The homage kicks off with Edward Cline's The Bank Dick (Nov. 23), a W.C. Fields slapstick comedy about a town drunk turned bank security guard that Kael flippantly advised "respectable people" to avoid. She described Fields as an "unregenerate individualist [who] shakes the whole barrelful of middle class virtues, and says, "Look, this barrel's full of stinking fish.'" Though she had a reputation for ranting, Kael wasn't all piss and vinegar. When she fell in love with a movie, she fell hard. She credited Bernardo Bertolucci and Marlon Brando with "alter[ing] the face of an art form" with Last Tango in Paris, for example. The same has been said of Kael: She transformed the field of criticism, inspiring countless imitators -- dubbed the "Paulettes" -- with her sharp tongue and fiercely independent stance.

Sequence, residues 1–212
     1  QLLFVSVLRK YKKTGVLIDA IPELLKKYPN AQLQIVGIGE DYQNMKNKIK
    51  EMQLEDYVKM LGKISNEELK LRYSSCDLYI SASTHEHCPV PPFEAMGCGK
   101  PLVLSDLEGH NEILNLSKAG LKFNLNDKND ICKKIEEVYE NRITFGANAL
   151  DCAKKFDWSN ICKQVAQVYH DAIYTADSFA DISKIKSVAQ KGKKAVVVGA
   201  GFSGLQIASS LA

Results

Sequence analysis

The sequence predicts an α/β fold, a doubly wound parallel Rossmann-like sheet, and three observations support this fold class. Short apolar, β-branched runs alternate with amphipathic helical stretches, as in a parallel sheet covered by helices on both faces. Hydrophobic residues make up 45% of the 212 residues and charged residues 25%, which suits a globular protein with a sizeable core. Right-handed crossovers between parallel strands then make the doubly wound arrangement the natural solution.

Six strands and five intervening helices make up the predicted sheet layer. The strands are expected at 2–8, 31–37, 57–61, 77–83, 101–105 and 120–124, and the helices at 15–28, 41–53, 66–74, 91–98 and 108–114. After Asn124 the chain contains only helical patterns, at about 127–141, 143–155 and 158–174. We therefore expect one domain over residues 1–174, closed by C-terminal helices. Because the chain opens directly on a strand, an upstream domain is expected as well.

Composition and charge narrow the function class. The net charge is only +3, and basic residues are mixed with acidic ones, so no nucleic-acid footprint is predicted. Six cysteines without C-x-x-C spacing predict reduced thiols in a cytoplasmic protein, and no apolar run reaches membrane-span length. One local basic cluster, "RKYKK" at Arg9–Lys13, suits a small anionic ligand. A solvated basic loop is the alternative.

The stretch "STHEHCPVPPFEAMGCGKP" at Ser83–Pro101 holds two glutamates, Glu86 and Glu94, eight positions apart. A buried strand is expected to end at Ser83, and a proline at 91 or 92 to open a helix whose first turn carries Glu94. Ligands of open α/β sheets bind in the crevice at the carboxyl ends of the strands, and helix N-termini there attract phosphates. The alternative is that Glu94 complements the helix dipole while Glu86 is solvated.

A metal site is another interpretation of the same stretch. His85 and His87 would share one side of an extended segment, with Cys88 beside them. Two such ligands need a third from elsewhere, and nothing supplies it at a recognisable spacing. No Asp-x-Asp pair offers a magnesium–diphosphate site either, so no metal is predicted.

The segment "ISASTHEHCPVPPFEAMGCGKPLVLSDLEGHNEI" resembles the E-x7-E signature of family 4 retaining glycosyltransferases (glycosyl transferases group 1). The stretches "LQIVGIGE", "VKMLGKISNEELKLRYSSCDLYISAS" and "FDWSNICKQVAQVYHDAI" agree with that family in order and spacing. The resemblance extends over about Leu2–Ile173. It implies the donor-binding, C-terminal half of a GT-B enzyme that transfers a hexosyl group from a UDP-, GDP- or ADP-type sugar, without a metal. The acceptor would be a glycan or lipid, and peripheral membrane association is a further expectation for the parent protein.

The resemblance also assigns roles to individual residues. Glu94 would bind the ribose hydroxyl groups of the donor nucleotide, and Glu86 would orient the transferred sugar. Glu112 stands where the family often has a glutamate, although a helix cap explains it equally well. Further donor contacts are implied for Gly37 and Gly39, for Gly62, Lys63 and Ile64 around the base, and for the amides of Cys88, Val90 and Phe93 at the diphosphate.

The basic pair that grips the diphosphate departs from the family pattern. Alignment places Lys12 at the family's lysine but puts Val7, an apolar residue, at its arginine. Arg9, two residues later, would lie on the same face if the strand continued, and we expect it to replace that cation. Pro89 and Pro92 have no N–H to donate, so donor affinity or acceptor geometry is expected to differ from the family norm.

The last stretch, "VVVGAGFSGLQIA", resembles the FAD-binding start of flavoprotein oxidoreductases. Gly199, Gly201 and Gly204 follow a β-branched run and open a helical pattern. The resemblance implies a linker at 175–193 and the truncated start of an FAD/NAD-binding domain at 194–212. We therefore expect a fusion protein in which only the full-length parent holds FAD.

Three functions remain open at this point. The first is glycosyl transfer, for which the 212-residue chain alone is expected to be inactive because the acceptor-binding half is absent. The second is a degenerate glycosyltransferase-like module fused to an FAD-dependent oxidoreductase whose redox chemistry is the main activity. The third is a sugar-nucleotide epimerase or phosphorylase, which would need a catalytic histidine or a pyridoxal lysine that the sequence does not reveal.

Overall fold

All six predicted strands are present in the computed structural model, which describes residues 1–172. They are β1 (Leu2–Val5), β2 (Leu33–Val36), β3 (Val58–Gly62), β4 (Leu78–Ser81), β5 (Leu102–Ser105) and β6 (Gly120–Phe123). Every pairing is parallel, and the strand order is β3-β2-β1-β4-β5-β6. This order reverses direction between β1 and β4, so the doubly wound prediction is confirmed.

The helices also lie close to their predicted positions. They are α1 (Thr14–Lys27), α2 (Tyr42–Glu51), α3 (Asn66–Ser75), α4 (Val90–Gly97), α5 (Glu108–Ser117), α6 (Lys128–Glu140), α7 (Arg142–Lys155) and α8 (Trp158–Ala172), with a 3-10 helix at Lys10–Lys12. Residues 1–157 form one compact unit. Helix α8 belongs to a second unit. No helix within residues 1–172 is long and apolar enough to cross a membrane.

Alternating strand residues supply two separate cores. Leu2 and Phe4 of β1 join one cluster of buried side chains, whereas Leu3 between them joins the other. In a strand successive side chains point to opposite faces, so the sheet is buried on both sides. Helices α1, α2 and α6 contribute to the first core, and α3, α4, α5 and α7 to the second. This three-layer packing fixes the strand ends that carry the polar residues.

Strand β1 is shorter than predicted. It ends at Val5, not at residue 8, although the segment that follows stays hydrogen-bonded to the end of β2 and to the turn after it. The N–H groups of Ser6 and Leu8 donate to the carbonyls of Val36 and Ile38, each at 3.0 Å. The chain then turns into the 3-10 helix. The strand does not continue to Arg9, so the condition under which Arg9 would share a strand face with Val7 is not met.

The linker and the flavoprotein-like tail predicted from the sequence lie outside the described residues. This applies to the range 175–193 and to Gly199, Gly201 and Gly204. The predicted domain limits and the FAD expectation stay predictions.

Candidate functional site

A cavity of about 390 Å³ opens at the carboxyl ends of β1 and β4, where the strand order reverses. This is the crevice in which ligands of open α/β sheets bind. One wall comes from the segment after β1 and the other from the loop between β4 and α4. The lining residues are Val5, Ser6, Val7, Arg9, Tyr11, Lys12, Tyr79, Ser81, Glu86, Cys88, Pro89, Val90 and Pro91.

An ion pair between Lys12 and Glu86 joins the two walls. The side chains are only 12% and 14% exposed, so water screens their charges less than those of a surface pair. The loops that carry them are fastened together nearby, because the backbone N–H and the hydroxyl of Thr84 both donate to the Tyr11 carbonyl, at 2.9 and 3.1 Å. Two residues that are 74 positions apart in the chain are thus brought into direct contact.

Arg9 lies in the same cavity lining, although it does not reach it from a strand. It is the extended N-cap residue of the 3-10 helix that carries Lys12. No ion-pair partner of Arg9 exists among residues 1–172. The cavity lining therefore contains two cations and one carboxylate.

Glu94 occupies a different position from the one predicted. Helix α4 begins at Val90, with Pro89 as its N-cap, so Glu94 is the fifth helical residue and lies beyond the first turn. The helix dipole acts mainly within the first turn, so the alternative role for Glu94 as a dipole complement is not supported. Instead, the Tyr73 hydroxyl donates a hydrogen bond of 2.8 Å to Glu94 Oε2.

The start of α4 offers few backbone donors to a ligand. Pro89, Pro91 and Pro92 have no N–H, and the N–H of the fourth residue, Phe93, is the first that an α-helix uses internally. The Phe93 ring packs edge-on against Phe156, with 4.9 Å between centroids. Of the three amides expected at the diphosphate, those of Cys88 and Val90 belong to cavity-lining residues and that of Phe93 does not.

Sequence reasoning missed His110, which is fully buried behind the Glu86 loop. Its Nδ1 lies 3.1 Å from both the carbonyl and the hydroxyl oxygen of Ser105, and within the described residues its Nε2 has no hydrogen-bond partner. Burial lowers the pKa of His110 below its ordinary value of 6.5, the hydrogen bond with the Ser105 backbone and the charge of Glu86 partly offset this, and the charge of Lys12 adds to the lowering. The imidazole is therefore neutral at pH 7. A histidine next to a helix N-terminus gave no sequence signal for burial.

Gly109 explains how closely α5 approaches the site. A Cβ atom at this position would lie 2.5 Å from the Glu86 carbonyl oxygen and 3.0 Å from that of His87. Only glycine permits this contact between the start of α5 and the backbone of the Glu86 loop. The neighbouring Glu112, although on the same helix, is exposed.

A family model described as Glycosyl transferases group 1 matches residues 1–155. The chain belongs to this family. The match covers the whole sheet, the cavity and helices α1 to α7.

As a programmer, she unapologetically repeated her favorites until they also became audience favorites. One such darling: Preston Sturges' romantic farce Unfaithfully Yours (Nov. 23), starring Rex Harrison as a jealous symphony conductor. "What is it, anyway, that scares you off -- the stupid title? ... Have you no courage or, even worse, have you no taste?" she wrote in her program notes. Taste was always a matter of principle with Kael, and "Finding It at the Movies" provides a glimpse of her eclectic preferences during the early years of her career. Highlights include a reissued print of Orson Welles' Touch of Evil (Nov. 24), a stunning film noir starring Welles as a corrupt police captain who frames his suspect, with Marlene Dietrich, Charlton Heston, Zsa Zsa Gabor, and a pre-Psycho Janet Leigh; Jean Renoir's masterpiece Grand Illusion (Nov. 25); and Ingmar Bergman's sexy morality tale Smiles of a Summer Night (Dec. 7). Such an across-the-board bill was typical of Kael. Whether you agreed with her or not, she still made you want to go to the cinema.